For posterity, here is what David Brooks is saying as Thompson takes his first steps towards the White House:

Copyright 2007 The New York Times Company
The New York Times
June 1, 2007 Friday
Late Edition - Final
SECTION: Section A; Column 6; Editorial Desk; Pg. 25

LENGTH: 760 words

HEADLINE: Back To Basics



This week Fred Thompson gave a speech in Connecticut during which two words did not cross his lips: George Bush. But that's all right. Thompson recently gave speeches in Virginia and California during which he scarcely mentioned Bush either. In the world Thompson described, the current Washington players are most notable for being trapped in that undifferentiated swamp we call Washington politics.

That's because the divide that engages Thompson most is not the ideological one between liberals and conservatives or between this or that brand of conservatism. It's the divide between concentrated power and decentralized power.

Thompson's core theme is that there is a disconnect between the American people and their rulers. He campaigns against concentrated Republican power almost as much as he does against concentrated Democratic power. Though a Republican, he's able to launch a reasonably nonpartisan attack on the way government has worked over the last 19 years.

This suspicion of concentrated power in general and Washington in particular is not some election-year conversion for Thompson. It stretches back his whole life. He began his career, remember, investigating the Nixon White House. As Stephen Hayes reminded us in The Weekly Standard, as a young staffer on the Senate Watergate committee, Thompson asked the question that revealed the existence of the White House tapes.

He went home to Tennessee and became a protege of Howard Baker, whose party apparatus has always had a folksy, country vs. capital ethos.

As a senator, Thompson investigated the Clinton campaign finance scandals (poorly), and established a reputation on one issue above all others: federalism. He was the only senator who voted against something called the Good Samaritan law because he thought it centralized power in the national government. He was that rarest of creatures -- someone who not only preached federalism to get to Washington, but practiced it after he arrived.

Today on the stump he talks about discovering Barry Goldwater's ''Conscience of a Conservative'' while in law school. He campaigns against the immigration bill because he doesn't think Washington can be counted on to keep its promises. His main complaint with the war on terror is that Al Qaeda has a 100-year plan while most Washington politicians ''have a plan until the next election.''

He tells party strategists that there is a tide in the country against the way Washington does business, which he is best positioned to ride. He says the 2006 election was not primarily about Iraq, it was about corruption and pork-barrel spending.

What Thompson's campaign represents, then, is a return to basics. It's not primarily engaged in the issues that have dominated recent G.O.P. politics. Thompson is campaigning to restore America's constitutional soul. He's going back to Madison and Jefferson and the decentralized federalism of the founders, at least as channeled through Goldwater. As Thompson himself said while running for Senate, ''America's government is bringing America down, and the only thing that can change that is a return to the basics.''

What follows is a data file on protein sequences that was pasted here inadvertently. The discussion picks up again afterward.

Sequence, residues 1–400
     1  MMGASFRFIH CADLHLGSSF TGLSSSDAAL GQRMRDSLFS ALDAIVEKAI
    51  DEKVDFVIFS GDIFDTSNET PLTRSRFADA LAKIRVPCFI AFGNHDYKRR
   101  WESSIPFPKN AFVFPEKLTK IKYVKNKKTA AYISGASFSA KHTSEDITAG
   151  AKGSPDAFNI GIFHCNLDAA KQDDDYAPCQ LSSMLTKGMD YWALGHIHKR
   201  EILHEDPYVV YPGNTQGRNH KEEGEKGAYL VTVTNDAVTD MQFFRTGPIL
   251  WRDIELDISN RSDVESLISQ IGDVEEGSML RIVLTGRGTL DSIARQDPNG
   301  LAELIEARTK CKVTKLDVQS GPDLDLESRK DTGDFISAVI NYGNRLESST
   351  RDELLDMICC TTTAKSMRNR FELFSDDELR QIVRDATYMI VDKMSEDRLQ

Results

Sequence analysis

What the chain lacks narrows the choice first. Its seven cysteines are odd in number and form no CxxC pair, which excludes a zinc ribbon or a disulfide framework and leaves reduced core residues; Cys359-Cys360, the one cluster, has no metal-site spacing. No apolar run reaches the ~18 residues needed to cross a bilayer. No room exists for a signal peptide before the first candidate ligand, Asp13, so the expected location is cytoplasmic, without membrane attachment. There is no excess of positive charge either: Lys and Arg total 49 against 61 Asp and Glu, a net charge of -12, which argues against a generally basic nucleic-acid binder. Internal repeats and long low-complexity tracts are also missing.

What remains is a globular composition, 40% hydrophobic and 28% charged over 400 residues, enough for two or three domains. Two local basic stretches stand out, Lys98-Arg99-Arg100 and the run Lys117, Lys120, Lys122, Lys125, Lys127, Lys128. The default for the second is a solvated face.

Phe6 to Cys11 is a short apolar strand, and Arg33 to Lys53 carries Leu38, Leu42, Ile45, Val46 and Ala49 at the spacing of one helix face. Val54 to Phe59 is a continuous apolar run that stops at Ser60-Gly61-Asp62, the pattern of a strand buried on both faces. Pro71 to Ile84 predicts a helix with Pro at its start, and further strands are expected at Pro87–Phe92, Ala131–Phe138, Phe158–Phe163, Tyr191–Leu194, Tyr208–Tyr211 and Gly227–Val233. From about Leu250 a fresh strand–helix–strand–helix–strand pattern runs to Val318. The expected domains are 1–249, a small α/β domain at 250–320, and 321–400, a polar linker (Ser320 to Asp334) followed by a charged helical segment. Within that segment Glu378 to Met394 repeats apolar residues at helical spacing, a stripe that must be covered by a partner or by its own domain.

Thompson thus becomes one pole in the debate now roiling the G.O.P. Nobody is running as the continuation of Bush. The big question now is: should the party go back to the basics or should it jump forward and transform itself into something new? Thompson articulates the back-to-basics view in its purest form. Newt Gingrich articulates the transformational view in its purest form. The other candidates are a mishmash in between.

If I were a political consultant I would tell my candidate to play up Thompson's back-to-basics theme. This is a traumatized party, not in the mood for anything risky and new. But over the long run, back to basics is no solution because it doesn't produce a positive agenda for today's problems.

Fred Thompson's political skills are as good as anybody now running, but his challenge is going to be building a concrete agenda on his anti-Washington message. It will be translating his Goldwater risorgimento philosophy into policies on energy, health care reform, Islamic extremism and education. For if there is one thing the last 30 years have taught us, it is that campaigns that are strictly anti-Washington do not command 50 percent of the vote because they don't address the decentralized global challenges that now face us.

Perhaps, as my friend Daniel Casse notes, what the G.O.P. needs is Newt Gingrich's brain lodged in Fred Thompson's temperament. Paul Krugman is on vacation.

URL: http://www.nytimes.com

LOAD-DATE: June 1, 2007